Serious Eats: Chicago
Burt's Place: Home of the Pizza King of Chicago
Daniel Zemans, our man in Chicago, checks in with another piece of intel on the Windy City pizza scene. Daniel also blogs about Chicagoland pizza with his friends on the Chicago Pizza Club blog. --The Mgmt.
8541 North Ferris Avenue, Morton Grove IL 60053 (map); 847-965-7997
Pizza Style: Deep-dish
The Skinny: Run by the iconic Burt Katz, a legend in Chicago pizzadom, Burt's Place features a deep-dish pie with a caramelized crust similar to Pequod's (no surprise, as Katz founded that pizzeria as well). There's a little too much caramelization going on and less cheese than is normal in most deep-dish pies, but Burt's is still worth checking out.
Burt Katz, creator of the caramelized crust, is probably the best known pizza chef in Chicago. In his career, he has owned four different pizzerias here. Inferno was already established in Evanston when Katz bought into it in 1963. Two years later, Katz sold Inferno (which no longer exists), and opened Gulliver's in Rogers Park on the city's far north side. In 1971, he was done with Gulliver's (which is still open) and opened Pequod's (reviewed here on Slice), which he kept for 15 years before burning out and selling it. In 1989, he had the pizza itch again and opened Burt's Place in Morton Grove, where he and his wife, Sharon, have been making and serving pizzas (usually with no help) for nearly 20 years.
Unlike most legendary pizza chefs, Katz did not travel throughout Italy, work his way up under a master pizza-maker, grow up in a family pizza business, or even go to culinary school. All he did was develop a very good crust; use high-quality, fresh ingredients; and proceed to turn out pizza after outstanding pizza for the next 45 years and counting. How iconic has Katz become? When Saveur magazine devoted an issue to Chicago, it put a slice of Burt's pie on the cover. The folks at LTH Forum, which in my opinion is the best website out there related to food in Chicago, have anointed Burt's Place as one of their Great Neighborhood Restaurants.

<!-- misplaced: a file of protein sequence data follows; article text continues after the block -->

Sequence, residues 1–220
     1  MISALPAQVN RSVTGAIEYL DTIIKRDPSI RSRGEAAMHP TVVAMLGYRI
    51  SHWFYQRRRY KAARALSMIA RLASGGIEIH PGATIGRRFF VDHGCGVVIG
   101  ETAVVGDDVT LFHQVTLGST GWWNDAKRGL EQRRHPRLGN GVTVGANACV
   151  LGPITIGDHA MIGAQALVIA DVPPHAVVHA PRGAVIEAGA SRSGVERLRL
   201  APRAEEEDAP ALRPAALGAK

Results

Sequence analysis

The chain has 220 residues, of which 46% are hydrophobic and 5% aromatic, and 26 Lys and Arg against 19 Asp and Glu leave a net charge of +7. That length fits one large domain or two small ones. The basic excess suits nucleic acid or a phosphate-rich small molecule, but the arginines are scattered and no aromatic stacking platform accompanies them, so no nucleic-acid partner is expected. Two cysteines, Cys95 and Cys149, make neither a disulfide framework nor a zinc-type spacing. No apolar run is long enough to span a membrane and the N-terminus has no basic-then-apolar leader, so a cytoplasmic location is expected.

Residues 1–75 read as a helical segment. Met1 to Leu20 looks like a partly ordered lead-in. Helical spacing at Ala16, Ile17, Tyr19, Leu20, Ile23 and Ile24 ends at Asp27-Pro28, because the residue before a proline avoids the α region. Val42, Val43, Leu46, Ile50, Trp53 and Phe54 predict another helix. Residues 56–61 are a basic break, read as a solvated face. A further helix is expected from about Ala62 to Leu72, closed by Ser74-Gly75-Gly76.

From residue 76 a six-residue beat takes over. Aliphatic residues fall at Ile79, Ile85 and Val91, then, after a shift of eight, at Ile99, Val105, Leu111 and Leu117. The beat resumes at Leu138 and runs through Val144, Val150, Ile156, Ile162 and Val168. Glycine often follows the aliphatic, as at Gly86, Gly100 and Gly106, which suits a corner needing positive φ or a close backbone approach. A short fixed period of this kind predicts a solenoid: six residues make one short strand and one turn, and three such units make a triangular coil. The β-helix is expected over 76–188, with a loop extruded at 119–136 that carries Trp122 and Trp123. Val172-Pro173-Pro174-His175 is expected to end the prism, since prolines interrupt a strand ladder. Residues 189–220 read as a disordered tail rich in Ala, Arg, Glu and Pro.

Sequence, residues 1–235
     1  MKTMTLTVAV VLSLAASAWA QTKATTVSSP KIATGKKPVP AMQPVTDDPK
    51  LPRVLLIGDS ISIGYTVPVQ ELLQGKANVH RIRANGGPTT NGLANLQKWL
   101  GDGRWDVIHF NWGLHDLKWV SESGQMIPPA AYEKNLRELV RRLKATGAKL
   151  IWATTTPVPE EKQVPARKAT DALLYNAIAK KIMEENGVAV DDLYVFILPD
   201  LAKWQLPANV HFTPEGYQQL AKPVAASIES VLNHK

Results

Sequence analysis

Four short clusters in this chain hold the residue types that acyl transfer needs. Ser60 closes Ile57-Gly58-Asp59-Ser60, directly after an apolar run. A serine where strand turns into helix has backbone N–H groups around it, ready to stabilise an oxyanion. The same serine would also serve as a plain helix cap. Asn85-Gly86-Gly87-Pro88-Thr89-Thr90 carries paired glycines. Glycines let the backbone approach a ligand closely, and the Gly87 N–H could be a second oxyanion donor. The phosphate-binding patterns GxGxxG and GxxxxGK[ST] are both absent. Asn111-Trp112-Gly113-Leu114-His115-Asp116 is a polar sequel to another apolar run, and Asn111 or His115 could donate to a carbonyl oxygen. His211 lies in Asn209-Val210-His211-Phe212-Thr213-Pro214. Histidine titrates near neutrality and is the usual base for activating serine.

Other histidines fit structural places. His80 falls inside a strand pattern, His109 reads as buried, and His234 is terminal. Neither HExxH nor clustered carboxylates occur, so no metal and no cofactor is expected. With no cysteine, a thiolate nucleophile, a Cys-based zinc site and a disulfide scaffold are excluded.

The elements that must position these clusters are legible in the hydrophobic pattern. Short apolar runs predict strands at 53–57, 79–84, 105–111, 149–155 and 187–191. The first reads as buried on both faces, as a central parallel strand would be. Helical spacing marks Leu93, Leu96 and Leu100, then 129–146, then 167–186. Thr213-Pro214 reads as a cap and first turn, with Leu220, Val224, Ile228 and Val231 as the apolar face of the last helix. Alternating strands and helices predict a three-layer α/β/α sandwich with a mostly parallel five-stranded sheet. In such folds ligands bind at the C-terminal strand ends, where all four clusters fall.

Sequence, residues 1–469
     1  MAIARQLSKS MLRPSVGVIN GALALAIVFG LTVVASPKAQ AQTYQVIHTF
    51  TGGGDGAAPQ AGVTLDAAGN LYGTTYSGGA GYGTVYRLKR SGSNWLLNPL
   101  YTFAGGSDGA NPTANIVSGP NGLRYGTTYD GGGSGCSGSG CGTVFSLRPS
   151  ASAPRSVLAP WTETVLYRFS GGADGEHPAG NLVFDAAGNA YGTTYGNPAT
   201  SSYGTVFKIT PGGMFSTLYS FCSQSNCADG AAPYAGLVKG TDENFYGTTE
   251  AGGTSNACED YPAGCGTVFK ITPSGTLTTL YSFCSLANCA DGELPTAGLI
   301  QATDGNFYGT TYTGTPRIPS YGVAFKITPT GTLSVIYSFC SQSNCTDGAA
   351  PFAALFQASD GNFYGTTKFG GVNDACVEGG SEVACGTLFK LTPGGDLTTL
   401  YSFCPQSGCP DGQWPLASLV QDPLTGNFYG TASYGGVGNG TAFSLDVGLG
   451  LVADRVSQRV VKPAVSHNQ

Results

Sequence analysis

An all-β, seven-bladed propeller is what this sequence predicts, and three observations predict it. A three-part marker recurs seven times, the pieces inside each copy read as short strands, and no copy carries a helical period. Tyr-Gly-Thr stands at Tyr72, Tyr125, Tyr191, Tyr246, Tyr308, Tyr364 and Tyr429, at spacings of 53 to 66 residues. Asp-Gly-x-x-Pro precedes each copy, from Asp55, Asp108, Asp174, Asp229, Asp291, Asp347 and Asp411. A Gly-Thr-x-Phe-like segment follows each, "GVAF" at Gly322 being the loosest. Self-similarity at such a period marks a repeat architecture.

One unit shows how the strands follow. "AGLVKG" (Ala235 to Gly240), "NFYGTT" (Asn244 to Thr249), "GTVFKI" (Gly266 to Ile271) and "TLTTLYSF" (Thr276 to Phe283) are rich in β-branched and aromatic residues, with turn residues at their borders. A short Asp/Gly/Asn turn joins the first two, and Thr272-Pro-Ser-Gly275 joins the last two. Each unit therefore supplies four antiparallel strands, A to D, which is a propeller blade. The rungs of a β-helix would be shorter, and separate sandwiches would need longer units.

Burt and Sharon have made the decision to keep their restaurant small, and they have resisted repeated offers to buy or franchise the place. The restaurant holds about 30 people, and is not necessarily open as long as advertised. Running out of dough is a risk, so customers are encouraged to call in orders ahead of time.
In addition to Katz himself, who adds plenty of character to any room he enters, the restaurant is filled with hundreds of knick-knacks that the Katzs have picked up over the years, with a heavy emphasis on old telephones and ham radios. While the kitsch is certainly fun, don't let Burt trick you into thinking he's just an aging hippie making pizzas without a care in the world. He is, but he's also incredibly successful at marketing that persona and his business. Rumor has it that Burt's Place will be featured on No Reservations with Anthony Bourdain in early 2009.
Morton Grove is not the easiest place to get to, and it certainly isn't worth going just to meet Burt or to see his ham radio collection. The reason to make the trip is the pizza. The crust at Burt's is probably the most-talked-about part of the pie. As he has at his previous restaurants, Burt puts a little cheese on the back of the sides of the crust before putting it in the oven, resulting in a crunchy, caramelized crust. The part of the crust that isn't caramelized is buttery and surprisingly light for thick deep-dish crust. While I really like the caramelized crust at Pequod's, the caramelization at Burt's is a bit too much—because the walls of the crust are relatively short as compared to other deep-dish pies, there is a high proportion of caramelization that overwhelms the crust. That said, the noncaramelized parts were on par with the butter crust at Lou Malnati's (reviewed here on Slice).
The cheese is a bit of a surprise; not the quality, which was fine, but the quantity. There is shockingly little cheese for a Chicago-style pizza. Next time I go to Burt's, I will be sure to ask for extra cheese, but for those who are normally overwhelmed by the amount of cheese on most Chicago pizzas, Burt's should be a hit. Katz makes his own sauce, and its texture is great—nice and chunky—and the flavor is sweet and well-seasoned.
Every topping at Burt's Place is outstanding. Every day it's open, Katz goes to a market in the morning to get fresh vegetables. He would not tell me where he gets his outstanding sausage, only that it was from a small local butcher who charges more than most. Katz does not offer a wide variety of toppings, but he is willing to add toppings to pizzas that people bring in. He told me about one regular customer who keeps a supply of artichoke hearts at the restaurant so he can have artichoke pizzas when he eats there.
Burt's is unquestionably one of the better pizzas in Chicago, and in many peoples' minds it is the best. If you are going to be in the northern suburbs of Chicago and you've already been to Lou Malnati's, then check out Burt's Place. If you don't go, Burt and Sharon won't mind—they've got a large loyal following that keeps them as busy as they want to be.
Michael Nagrant on Burt's Place
LTH Forum on Burt's
Pequod's: Come for the Caramelized Crust, Stay for the Great Pizza
Lou Malnati's: Home of Flawless Deep Dish
Art of Pizza: Usually a Classic, But Not This Time